I know that some people hate the home-plate collision rule, which is designed to protect both catchers and runners from injury when there is a play at the plate. By rule in MLB, a catcher cannot block home plate without the ball. He must leave a lane for the runner to slide, unless he already has the ball, or unless the throw takes him into the lane. In those latter cases, the runner is not permitted to truck the catcher. Those days are long gone.
Former long-time MLB player Pablo Sandoval is playing in the Mexican League right now, and he demonstrated exactly why the home-plate collision rule exists in MLB:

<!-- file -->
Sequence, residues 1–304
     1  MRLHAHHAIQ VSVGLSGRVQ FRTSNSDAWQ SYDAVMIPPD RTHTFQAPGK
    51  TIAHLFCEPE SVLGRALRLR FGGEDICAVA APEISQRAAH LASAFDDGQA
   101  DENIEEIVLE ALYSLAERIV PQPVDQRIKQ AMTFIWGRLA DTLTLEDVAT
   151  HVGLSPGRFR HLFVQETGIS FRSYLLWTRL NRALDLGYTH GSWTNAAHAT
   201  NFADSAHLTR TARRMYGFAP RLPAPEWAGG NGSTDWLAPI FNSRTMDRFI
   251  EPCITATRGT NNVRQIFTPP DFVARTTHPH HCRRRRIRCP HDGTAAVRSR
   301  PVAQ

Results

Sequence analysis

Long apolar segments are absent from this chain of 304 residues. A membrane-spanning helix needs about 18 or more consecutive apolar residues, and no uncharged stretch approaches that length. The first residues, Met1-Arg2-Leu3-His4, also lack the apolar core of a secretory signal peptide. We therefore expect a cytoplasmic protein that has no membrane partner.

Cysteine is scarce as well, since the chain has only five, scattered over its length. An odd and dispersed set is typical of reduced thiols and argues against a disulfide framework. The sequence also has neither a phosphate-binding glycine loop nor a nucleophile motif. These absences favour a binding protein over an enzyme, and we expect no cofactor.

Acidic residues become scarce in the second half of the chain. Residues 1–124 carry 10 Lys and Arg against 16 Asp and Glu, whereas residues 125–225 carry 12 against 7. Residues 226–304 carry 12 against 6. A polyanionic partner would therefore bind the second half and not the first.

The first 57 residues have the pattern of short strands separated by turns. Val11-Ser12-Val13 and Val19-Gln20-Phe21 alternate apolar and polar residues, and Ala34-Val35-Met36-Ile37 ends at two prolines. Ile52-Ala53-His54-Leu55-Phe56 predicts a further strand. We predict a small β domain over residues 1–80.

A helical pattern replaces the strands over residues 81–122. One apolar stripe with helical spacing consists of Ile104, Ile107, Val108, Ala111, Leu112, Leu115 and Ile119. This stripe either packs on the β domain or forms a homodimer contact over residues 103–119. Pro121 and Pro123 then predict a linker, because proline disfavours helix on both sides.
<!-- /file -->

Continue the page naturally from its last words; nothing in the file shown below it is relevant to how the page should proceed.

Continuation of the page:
I hate that play, primarily because the throw wasn’t quite there yet and it looked pretty clear that Sandoval COULD have slid and still been plenty safe. Instead, he went shoulder/forearm first right into the catcher’s head. Whether intentional or not, it looked unnecessary and obviously dangerous.
When there is no anti-trucking rule, though, this is the kind of thing that can happen. It’s not about being “soft” – it’s about just being sensible in your rules. You have to hope the catcher will be OK.